Martin: A Black History Month Valentine

Each February we celebrate Valentine’s Day and Black History Month.
There is an important, but seldom (if ever) mentioned, connective link.
Here it is briefly: Valentine’s Day’s symbol is a heart, and an African American doctor performed the first reported open-heart surgery.
NC Bookwatch by D.G. Martin

NC Bookwatch
by D.G. Martin

That doctor’s story is the first chapter of N.C. State University professor Rob Dunn’s book, The Man Who Touched His Own Heart.

In the summer of 1893, the year of the World’s Fair in Chicago, Daniel Hale Williams, “a young doctor from the rough side of town, would make the biggest decision of his life,” Dunn writes.
Williams had organized Provident Hospital, where African American nurses and doctors could train, because other Chicago hospitals excluded them. When James Cornish was stabbed in the chest in a barroom brawl, he ended up at Provident. Williams could do little more than clean up his patient’s surface wounds and monitor the heart. He could not know exactly what damage the heart had sustained. Initially, Cornish and his heart were stable. But overnight the heartbeat became fainter and fainter.
Death seemed inevitable. But Williams then determined to act. He cut open Cornish’s chest, lifted up one of his ribs, inspected the then-visible heart, assessed the wound, and sewed up a damaged pericardium tissue that surrounded Cornish’s heart, hoping that this repair would stabilize the organ.
It did.
Cornish survived and lived another 38 years.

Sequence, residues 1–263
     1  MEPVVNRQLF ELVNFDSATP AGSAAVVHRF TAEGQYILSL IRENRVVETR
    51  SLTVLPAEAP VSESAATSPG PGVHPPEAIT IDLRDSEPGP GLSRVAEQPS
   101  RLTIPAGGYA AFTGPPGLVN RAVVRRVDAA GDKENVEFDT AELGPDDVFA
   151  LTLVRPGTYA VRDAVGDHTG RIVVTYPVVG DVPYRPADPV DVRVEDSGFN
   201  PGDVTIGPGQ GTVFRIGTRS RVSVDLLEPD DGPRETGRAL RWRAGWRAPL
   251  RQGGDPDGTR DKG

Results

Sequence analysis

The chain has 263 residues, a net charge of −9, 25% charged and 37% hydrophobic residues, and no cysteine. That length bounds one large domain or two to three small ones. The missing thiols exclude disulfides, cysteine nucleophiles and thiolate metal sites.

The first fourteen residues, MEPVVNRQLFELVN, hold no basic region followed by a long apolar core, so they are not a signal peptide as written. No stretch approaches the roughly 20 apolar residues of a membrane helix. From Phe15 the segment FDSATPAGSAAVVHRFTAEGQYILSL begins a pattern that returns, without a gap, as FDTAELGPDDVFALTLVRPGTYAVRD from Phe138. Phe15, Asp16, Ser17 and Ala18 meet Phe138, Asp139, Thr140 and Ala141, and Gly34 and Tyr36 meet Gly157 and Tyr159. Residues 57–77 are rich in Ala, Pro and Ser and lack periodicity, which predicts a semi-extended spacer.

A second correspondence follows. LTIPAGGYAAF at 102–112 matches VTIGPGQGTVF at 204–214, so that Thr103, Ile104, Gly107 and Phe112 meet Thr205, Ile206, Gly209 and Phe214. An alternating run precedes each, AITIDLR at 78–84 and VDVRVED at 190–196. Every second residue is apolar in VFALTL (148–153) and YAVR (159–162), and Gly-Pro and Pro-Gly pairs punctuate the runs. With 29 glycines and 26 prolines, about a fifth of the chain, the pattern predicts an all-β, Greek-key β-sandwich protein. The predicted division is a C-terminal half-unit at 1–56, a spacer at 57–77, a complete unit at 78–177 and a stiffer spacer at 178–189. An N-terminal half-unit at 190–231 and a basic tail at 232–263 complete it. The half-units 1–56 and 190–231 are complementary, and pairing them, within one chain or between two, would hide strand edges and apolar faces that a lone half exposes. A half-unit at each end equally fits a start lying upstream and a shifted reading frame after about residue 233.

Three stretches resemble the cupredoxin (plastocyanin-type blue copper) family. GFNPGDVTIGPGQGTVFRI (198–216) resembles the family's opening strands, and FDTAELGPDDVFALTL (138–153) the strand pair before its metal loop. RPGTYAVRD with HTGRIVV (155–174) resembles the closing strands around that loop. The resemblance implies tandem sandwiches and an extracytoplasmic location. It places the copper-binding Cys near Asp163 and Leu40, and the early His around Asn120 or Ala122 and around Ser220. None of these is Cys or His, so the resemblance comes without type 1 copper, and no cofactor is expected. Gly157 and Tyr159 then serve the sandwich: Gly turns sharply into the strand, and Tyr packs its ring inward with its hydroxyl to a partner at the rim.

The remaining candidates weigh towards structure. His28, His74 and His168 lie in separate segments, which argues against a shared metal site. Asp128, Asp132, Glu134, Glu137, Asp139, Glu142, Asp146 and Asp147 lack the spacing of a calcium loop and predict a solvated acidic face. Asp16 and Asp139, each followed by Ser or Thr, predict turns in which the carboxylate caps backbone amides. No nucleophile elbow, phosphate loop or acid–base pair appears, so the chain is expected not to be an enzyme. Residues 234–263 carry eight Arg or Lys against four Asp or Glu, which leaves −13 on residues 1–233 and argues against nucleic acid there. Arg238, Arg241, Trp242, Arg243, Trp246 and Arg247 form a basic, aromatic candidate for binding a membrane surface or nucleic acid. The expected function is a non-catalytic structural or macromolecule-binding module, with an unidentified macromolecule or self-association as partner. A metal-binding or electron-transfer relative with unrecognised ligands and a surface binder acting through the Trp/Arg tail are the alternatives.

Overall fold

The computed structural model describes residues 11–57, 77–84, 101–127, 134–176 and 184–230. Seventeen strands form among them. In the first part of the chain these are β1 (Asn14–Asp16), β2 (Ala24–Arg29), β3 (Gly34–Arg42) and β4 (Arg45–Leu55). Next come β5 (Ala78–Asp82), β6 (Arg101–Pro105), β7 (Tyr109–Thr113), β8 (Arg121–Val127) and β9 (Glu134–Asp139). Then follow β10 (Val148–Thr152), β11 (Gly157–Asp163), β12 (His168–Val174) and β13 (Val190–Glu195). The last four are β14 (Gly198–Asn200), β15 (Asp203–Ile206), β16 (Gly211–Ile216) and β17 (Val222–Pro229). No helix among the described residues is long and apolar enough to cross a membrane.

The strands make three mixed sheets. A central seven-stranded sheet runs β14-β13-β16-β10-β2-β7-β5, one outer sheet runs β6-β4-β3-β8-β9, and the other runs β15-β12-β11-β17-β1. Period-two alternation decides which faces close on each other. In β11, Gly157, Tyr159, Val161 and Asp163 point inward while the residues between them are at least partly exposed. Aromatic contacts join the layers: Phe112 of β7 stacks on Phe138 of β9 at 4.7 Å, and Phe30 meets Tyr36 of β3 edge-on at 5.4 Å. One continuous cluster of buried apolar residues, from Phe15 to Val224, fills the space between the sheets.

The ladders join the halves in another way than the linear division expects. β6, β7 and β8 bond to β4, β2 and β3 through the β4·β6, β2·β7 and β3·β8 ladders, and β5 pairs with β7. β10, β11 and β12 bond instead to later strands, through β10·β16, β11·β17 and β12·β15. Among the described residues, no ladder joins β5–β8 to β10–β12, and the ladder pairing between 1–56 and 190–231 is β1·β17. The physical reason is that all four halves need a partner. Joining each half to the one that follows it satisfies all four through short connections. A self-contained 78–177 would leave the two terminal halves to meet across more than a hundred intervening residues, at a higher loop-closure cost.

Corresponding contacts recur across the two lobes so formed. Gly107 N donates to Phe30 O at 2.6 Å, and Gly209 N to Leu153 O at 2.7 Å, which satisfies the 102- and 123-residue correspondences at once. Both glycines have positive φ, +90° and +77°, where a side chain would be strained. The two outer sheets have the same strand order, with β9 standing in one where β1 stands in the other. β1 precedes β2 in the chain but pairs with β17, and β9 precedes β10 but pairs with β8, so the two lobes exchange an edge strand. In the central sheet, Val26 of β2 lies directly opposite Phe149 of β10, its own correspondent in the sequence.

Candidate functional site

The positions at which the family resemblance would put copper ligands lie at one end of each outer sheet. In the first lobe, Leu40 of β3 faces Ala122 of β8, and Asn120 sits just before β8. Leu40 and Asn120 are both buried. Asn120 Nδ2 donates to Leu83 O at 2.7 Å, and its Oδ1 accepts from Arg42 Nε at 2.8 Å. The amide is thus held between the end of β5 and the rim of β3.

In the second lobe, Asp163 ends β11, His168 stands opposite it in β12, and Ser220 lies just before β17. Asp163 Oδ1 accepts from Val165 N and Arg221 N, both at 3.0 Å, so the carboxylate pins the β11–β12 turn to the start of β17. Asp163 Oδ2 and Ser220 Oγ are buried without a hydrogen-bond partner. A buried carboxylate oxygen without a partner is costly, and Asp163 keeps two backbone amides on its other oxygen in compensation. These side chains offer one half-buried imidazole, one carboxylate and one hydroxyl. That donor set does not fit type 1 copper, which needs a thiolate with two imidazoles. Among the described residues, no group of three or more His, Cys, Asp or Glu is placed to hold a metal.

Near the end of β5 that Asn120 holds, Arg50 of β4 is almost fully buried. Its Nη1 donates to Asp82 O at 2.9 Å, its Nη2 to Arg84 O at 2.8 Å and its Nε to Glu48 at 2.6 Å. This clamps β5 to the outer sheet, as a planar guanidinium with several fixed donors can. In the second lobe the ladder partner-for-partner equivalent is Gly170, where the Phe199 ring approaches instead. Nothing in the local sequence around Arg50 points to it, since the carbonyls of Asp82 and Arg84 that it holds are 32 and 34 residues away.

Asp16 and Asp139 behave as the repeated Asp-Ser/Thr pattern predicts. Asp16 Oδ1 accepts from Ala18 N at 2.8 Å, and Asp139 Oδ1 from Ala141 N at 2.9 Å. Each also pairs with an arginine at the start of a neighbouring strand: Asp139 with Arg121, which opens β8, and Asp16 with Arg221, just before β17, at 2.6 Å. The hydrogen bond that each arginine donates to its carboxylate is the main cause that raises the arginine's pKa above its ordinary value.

Dunn writes, “That such a major advance was made in a poor hospital by an African American doctor and African American nurses just 31 years after the Emancipation Proclamation is astonishing. We tend to regard technology as the source of many innovations, and yet Williams’s advance was something different, progress through some combination of hubris, intellect and will.”

Although it later turned out that another doctor had performed a similar surgery two years earlier, Dunn’s asserts, “Williams’s prominent surgery was the one that made doctors aware of what was possible with a knife, sewing needle, and some catgut.”
Talking to National Public Radio’s Melissa Block about his book, Dunn suggested that Williams’s place on the fringe of medicine might have contributed to his amazing achievement. Dunn said, “And he did it in part because he was working in a hospital with few resources where he had just developed the ability to do really hard and impossible things…to do what others couldn’t.”
The heart-wrenching story of Dr. Williams’s success is Dunn’s introduction to a chronicle of discoveries, procedures and inventions relating to the heart. The book’s title comes from a story about how a cocky German was determined to show that he could move a tube through human veins into the heart. In 1929, unable to get permission to try out his idea on a live patient, he cut into a vein in his own arm, inserted a tube and pushed it all the way into his heart. He then marched down to the x-ray room in his clinic where he had a picture made to prove that that he had “touched his own heart.”
Dunn leads his readers through the history of heart treatments, telling compelling stories about the people who brought about new techniques in surgery, heart-lung machines, mechanical hearts, blue-baby treatments, transplants and the technical techniques to fight rejection, and pacemakers. We learn how the plaque that builds up in our blood vessels may be the result of an evolutionary quirk not shared with chimpanzees or any other animal cousins.
Almost every story richly combines important scientific achievements with the human interests of the achievers. But none more so than that what Dr. Williams did.
Next year during Black History Month, let’s remember Williams with big valentine hearts showing his name boldly featured.
D.G. Martin hosts “North Carolina Bookwatch,” which airs Sundays at noon and Thursdays at 5 p.m. on UNC-TV. For information visit
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